What Will SEBI Do Now?
5/16/2013 9:05 PM Thursday
The market has a mind of its own. No matter what logic one presents for or against a particular factor, if the market decides to overlook it and lean on something else to seek direction, it will. The market action over the last week is a classic example of what I mean. On one hand where the ‘cobraposts’ and higher trade deficits were pulling it down, lower inflation numbers helped it recover almost all that was eroded in market capitalisation. It is all a matter of sentiment, and right now, the market seems to be in no mood to relent to the negatives surrounding it. On May 15, it zoomed up in style, with the Sensex scaling its highest level in the past 28 months.
Overall, inflation is down to 4.89 per cent while core inflation has dropped to 2.8 per cent. According to reports, an across the board drop in the costs of food, fuel and manufactured goods has resulted in the easing of inflation. Food inflation is down to 6.1 per cent, its lowest level since January 2012, while fuel inflation came in lower at 8.8 per cent, shrugging off rising diesel prices.
Why this bullishness? To translate a well-known Hindi adage “The world survives on expectations”. From now on, expectations will start building up. Talks of a cut in interest rates will gather steam until the RBI meets in the month of June. With this will come in calculations of how lower interest costs will translate into a better operating environment for corporate India, and the markets as usual will ride on this positivity.
All this sounds pretty good, at least for now, but it is important to take stock of more serious matters that could impact the market. We have always been at the forefront in sounding alarm bells that come in handy in times of distress. At this point, there is an imminent fear looming over the markets. The closing date (June 30, 2013) for companies to bring down their promoter shareholding to less than 75 per cent is approaching and many companies have tried to make this date. While this may sound like a good move, it does not look so as it pans out. The deadline is being met in various ways which, according to us, is defeating the intent of the regulation.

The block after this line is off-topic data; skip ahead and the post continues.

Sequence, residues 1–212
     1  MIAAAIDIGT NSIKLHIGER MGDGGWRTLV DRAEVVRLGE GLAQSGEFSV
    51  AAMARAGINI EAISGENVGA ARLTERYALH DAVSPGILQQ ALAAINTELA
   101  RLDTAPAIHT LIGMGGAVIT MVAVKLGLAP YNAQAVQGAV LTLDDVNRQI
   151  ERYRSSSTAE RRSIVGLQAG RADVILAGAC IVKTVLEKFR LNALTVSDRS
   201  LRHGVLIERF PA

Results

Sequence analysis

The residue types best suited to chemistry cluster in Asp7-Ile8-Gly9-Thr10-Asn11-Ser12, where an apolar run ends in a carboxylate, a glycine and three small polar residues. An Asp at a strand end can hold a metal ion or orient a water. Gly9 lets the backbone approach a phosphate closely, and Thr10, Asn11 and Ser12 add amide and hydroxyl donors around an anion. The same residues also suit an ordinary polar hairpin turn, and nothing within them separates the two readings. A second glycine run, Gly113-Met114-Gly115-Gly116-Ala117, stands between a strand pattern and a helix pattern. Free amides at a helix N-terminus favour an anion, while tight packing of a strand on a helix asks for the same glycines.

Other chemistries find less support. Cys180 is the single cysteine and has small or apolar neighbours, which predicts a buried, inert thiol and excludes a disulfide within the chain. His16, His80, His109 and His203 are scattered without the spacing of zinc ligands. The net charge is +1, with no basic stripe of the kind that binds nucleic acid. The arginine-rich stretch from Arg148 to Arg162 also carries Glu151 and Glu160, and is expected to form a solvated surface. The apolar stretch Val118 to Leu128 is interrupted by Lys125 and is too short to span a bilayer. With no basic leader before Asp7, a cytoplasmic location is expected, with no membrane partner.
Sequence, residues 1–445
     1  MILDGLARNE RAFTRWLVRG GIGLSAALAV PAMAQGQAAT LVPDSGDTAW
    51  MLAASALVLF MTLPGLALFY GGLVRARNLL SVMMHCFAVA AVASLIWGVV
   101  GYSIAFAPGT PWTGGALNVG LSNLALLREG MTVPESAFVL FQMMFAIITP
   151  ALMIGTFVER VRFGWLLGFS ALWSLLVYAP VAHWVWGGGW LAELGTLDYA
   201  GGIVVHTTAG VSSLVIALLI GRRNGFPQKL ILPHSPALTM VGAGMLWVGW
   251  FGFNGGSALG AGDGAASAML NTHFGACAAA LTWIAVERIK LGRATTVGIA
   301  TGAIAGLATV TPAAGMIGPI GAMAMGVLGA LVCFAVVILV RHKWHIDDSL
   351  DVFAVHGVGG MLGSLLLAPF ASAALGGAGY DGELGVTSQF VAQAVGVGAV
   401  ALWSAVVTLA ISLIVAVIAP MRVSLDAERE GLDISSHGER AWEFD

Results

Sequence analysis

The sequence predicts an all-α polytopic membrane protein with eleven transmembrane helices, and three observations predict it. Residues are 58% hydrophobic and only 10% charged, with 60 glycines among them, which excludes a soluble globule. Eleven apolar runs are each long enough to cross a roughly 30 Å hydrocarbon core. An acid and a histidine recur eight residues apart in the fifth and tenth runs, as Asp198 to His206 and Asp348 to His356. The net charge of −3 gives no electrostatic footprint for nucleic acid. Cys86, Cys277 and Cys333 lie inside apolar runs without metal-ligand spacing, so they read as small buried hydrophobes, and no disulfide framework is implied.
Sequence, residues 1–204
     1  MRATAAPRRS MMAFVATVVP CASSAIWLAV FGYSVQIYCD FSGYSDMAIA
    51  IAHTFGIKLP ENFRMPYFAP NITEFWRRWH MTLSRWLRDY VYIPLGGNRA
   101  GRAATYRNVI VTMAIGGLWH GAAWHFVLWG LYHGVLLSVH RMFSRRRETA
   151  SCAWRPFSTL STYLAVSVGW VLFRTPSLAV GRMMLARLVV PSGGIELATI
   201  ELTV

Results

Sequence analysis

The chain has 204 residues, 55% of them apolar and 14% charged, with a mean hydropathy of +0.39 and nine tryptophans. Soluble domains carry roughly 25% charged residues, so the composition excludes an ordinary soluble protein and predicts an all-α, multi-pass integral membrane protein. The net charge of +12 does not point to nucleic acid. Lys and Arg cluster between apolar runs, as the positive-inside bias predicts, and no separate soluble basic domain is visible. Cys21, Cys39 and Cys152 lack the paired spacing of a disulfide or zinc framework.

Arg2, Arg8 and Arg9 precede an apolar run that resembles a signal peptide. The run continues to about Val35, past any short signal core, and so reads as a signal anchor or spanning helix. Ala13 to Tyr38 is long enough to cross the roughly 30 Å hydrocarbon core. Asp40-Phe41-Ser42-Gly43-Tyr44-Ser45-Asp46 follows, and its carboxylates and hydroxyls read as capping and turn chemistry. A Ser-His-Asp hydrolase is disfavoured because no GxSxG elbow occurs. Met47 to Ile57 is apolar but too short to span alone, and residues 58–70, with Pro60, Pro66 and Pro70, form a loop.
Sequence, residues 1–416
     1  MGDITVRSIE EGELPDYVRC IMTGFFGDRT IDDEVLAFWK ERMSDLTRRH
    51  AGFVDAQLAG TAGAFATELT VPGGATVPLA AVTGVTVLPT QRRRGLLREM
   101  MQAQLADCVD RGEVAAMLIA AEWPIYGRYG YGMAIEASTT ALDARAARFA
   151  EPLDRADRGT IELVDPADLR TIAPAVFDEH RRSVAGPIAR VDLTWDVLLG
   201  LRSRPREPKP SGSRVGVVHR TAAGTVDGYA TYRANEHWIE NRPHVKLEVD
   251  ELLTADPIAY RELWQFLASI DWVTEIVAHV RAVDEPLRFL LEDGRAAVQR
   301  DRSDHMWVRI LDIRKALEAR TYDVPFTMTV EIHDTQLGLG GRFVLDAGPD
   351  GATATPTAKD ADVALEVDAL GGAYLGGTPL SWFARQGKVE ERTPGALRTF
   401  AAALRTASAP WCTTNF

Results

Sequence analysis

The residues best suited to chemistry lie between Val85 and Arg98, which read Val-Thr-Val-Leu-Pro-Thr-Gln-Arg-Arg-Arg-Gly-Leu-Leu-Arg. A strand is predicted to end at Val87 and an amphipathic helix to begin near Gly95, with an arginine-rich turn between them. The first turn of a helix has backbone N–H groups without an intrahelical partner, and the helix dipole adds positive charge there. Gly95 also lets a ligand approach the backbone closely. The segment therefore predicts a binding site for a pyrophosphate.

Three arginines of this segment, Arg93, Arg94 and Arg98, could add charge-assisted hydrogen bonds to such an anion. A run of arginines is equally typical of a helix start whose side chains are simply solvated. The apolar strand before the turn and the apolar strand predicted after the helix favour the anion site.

When the government initiated the move to ask promoters to bring down their holding to less than 75 per cent, it had in mind the broad basing of the markets by bringing in more of floating stock. Has it really happened so? We don’t think so. The Cover Story for this issue will tell in you depth what I mean. To sum up in a line, we are of the opinion that the real broad-basing of the markets has not happened though companies have technically adhered to the rule. As has been mentioned correctly, the letter is there, but the spirit is missing.
Technology has played a very critical role in the developments of the markets. This is particularly true of financial markets. Over the past 10-15 years, the way the financial markets function and transact has gone through a sea change. Ganesh Shastry, Founder Director, CapStrat Consulting and our Guest Editor for this issue, has elaborately laid out how technology has changed the nature of the capital markets today. As a part of this special feature, we have also put together some interesting interactions with technology vendors and users. I am sure it will add a lot to how our readers understand the working of the modern-day financial markets.
One very interesting but less talked-about topics today is the movement of crude prices. There was a time when even a slight movement in crude prices on the higher side could send jitters down the market’s spine. Currently, the prices of this commodity have set into a band which looks more or less a permanent feature at least for some time in the future. The whys and wherefores of this have been put forth in our Special Report on crude.
As usual, we bring to you two stock picks to add value to your portfolio. The Choice Scrip this fortnight is an off-highway tyre manufacturer Balkrishna Industries and the Low Priced Scrip is Central Bank of India. Both these companies have their own fundamental strengths and can go a long way in adding that alpha to your portfolio. The issue rounds up with our usual sections including Hot Chips and Gossip, along with our expert panel answering your queries relating to financial planning and taxation.
Do write in to us on email@example.com to let us know what you thought of the issue. We would be more than happy to take note of your suggestions in order to improve our offering.
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